How a statistical paradox helps to get to the root of bias in college admissions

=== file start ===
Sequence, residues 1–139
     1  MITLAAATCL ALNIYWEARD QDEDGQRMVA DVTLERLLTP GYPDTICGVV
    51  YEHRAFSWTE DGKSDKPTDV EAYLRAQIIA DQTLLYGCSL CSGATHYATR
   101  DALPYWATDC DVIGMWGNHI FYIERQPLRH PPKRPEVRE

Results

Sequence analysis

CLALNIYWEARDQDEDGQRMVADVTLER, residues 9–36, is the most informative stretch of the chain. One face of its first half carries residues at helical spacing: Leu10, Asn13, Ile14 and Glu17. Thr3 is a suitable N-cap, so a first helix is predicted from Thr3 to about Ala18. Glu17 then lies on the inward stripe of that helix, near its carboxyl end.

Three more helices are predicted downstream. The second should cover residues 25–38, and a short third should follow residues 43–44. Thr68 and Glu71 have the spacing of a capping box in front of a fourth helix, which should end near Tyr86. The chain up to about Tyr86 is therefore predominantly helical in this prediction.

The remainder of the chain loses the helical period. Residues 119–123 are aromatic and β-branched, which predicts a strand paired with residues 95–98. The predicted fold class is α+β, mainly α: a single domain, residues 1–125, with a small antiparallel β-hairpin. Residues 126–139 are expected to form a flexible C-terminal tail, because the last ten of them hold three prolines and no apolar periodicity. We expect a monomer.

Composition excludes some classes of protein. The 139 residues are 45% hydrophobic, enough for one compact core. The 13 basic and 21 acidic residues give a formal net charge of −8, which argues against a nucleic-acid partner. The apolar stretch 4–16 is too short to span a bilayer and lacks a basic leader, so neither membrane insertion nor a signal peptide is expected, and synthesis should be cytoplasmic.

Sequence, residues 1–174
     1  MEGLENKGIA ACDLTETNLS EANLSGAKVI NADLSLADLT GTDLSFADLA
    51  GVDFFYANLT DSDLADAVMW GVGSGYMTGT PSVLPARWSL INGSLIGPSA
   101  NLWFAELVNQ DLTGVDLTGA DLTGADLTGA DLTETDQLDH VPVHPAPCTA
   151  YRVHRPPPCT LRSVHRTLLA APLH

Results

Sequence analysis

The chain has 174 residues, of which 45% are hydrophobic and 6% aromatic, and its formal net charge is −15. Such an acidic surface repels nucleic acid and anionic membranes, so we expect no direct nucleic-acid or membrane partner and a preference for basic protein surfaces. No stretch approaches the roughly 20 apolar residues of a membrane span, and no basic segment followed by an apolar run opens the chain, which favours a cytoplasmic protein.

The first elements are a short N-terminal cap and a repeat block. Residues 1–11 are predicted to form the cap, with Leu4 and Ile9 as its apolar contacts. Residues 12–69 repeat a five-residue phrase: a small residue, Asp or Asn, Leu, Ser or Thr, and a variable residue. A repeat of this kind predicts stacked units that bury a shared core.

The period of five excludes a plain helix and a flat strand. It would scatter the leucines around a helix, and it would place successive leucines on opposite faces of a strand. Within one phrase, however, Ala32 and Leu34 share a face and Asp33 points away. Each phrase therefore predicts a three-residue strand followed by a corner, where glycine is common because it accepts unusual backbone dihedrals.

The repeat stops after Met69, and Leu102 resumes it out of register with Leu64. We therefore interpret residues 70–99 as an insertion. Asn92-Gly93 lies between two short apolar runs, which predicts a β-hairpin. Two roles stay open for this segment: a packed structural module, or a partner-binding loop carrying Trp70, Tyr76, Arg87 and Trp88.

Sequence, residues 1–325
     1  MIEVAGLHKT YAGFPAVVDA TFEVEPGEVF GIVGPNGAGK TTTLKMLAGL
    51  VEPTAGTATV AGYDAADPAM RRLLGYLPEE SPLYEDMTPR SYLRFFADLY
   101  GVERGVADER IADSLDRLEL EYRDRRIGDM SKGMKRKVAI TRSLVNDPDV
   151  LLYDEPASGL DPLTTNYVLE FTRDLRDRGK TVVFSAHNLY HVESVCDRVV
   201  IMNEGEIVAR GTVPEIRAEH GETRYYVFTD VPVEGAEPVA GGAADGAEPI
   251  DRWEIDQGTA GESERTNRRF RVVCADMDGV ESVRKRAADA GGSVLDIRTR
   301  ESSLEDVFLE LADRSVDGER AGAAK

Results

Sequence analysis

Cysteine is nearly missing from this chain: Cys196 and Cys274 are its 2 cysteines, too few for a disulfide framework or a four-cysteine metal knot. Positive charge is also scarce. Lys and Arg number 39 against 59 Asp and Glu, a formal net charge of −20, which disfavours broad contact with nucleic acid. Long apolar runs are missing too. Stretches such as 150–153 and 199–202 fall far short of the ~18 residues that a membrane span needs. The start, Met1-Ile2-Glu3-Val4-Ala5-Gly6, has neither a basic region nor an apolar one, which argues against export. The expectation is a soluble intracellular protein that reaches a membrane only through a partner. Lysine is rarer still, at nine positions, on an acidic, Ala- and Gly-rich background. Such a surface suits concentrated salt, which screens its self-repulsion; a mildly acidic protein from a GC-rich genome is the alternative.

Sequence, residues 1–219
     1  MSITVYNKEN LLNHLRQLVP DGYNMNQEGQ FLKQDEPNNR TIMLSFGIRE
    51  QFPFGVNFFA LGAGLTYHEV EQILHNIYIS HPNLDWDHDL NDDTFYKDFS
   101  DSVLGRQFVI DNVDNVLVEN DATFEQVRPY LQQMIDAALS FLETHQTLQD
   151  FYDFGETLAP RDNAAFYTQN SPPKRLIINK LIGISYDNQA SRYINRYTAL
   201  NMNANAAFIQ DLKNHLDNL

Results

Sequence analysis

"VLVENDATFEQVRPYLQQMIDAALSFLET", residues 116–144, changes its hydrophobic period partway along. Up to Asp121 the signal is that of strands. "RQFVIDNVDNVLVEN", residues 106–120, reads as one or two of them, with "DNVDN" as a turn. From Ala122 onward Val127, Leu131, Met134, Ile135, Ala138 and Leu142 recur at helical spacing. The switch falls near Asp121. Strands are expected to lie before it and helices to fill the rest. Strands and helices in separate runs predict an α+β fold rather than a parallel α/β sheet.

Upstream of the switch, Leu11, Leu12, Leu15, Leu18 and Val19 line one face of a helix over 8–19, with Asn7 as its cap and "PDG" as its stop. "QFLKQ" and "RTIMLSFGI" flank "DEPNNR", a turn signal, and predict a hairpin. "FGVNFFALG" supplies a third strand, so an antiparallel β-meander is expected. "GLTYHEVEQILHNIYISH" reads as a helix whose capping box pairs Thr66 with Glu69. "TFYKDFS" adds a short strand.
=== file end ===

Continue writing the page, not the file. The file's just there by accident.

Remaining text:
Simpson’s paradox is a statistical phenomenon in which a trend appears in small data sets, but differs or reverses when those sets are combined into a larger group. One of the most fascinating examples of the paradox comes from a study about gender bias in graduate admissions at the University of California, Berkeley in 1973, when roughly 44 per cent of male applicants were accepted, compared with only 35 per cent of female applicants. These figures appeared to show an obvious bias against women, but when the data were broken down by department, they actually showed a slight bias in favour of women. This animation from MinutePhysics explains just how Simpson’s paradox occurs and, in the case of Berkeley, how the paradox highlighted a deeper societal bias that pushes women towards departments that are more crowded, have less funding, and offer poorer employment opportunities.